Business Bankruptcy–Tax Implications

Business Bankruptcy – Simplified Operating Guidelines

A "How-To" Manual

For Non-Bankruptcy Professionals
Page 12
Robert S. Apfelberg, Karrie L. Bercik, Esq.

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Chapter 10. Tax Implications

Chapter 11 cases usually raise tax issues. Bankruptcy inherently involves modification or cancellation of debt and transferring of assets. These actions frequently cause tax consequences for the debtor.

A. Cancellation of Debt

Major tax planning issues in bankruptcy are: (i) to minimize recognition of income from cancellation of indebtedness, and (ii) to maximize the use of tax attributes, such as net operating losses ("NOLs") and basis, after the bankruptcy. Cancellation or modification of indebtedness usually produces income equal to the amount of the debt cancelled or forgiven ("COD income"). The timing of the debt discharge and COD income is usually the effective date of the plan. COD income may also be realized even if the debt is not actually cancelled. The following events may cause COD income:

(a) If a debtor replaces an existing debt with new debt;

(b) If the terms of an existing debt are materially modified in kind or extent (perhaps by a cram down);

(c) If a person related to the debtor acquires the debt at a discount from a person unrelated to the debtor; or

(d) If a debtor that is a corporation issues stock in exchange for the debt (perhaps by a "creditors plan").

COD income of taxpayers is excluded from income under Internal Revenue Code ("IRC") §108 ("bankruptcy exception"). Bankrupt taxpayers are those entities or individuals under the jurisdiction of the court where the discharge of indebtedness is either granted by the Court or pursuant to a plan approved by the court. A taxpayer who excludes COD income from currently taxable gross income due to the bankruptcy exception is required to reduce tax attributes by the amount of the excluded income. This reduction is done in the following order of priority:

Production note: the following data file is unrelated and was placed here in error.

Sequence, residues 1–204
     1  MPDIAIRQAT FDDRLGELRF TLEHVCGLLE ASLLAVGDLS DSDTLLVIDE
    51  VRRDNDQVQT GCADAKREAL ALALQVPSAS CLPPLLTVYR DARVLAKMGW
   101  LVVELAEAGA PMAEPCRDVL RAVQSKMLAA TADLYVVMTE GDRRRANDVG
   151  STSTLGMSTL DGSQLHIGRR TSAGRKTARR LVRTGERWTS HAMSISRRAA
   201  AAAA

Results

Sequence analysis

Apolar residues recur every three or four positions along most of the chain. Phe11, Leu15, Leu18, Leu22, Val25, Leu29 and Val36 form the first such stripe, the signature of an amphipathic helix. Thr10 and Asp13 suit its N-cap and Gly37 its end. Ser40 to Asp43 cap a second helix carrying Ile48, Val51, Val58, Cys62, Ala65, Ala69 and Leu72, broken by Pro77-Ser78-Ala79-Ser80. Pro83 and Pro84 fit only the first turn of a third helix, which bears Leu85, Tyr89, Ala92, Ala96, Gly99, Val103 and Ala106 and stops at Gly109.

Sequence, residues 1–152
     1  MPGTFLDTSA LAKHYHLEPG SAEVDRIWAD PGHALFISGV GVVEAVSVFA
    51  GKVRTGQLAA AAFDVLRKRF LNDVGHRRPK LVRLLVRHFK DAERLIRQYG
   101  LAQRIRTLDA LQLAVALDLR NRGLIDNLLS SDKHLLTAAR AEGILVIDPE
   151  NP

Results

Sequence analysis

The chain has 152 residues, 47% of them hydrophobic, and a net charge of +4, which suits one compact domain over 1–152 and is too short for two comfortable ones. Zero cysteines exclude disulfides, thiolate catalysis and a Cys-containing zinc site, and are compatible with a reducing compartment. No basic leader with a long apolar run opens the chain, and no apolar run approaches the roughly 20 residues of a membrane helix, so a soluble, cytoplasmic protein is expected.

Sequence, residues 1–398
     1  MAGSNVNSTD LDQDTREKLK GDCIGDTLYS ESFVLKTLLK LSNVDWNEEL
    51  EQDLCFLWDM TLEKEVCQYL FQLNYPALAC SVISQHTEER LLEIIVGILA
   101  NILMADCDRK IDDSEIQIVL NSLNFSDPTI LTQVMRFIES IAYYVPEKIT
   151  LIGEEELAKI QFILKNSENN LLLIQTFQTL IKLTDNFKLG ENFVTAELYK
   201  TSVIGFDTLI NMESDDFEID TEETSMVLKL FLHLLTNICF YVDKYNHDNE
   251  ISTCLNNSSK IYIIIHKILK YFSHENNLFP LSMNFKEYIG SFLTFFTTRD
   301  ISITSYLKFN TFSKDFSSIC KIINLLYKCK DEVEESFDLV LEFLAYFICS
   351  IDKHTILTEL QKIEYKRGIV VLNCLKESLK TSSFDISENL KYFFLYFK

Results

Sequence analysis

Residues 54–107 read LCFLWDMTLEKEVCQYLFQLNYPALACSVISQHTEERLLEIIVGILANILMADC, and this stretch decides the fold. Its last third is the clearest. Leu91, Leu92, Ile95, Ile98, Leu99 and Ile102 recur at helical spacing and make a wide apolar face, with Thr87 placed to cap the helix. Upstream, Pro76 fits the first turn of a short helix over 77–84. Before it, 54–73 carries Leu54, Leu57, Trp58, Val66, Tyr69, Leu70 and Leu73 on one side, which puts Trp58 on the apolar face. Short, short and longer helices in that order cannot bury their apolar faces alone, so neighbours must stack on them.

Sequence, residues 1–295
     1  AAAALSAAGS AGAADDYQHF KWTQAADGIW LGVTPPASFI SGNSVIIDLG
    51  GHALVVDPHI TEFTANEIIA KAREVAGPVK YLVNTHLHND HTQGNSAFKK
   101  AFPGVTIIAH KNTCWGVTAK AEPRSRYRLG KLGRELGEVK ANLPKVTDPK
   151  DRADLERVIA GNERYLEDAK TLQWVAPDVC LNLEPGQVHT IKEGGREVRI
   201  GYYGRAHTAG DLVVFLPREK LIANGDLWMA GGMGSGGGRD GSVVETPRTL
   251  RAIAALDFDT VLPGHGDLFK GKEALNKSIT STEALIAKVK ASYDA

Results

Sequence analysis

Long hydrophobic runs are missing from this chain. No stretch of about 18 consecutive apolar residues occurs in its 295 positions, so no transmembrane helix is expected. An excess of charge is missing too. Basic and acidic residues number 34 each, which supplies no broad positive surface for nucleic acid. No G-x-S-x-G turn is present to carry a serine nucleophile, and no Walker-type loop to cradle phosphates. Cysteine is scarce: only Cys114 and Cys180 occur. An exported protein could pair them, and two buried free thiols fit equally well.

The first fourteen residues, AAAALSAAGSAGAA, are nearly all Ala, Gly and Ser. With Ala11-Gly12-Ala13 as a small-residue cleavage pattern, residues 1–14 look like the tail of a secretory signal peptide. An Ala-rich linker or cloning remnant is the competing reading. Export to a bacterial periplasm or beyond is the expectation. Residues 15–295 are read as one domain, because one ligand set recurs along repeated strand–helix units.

(a) net operating losses and net operating loss carryovers;

(b) general business credits under section 38;

(c) alternative minimum tax credits;

(d) net capital losses and capital loss carryovers;

(e) the basis of depreciable property (to the extent the basis exceeds remaining liabilities);

(f) passive activity losses and credit carryovers; and

    1. foreign tax credits and carryovers.

The bankruptcy exception is also helpful since the reduction in attributes occurs after the calculation of tax for the year of the discharge. Thus, the debtor may be able to use its NOL to offset current income before the NOL is reduced by the bankruptcy exception. Attributes are reduced dollar-for-dollar, except for tax credits, which are reduced 33-1/3 cents for each dollar.

A taxpayer may instead elect to first reduce the basis of depreciable property. This reduction in basis is limited to the taxpayer’s adjusted basis of depreciable property held at the beginning of the taxable year following the taxable year in which the debt is cancelled (effective date of the plan).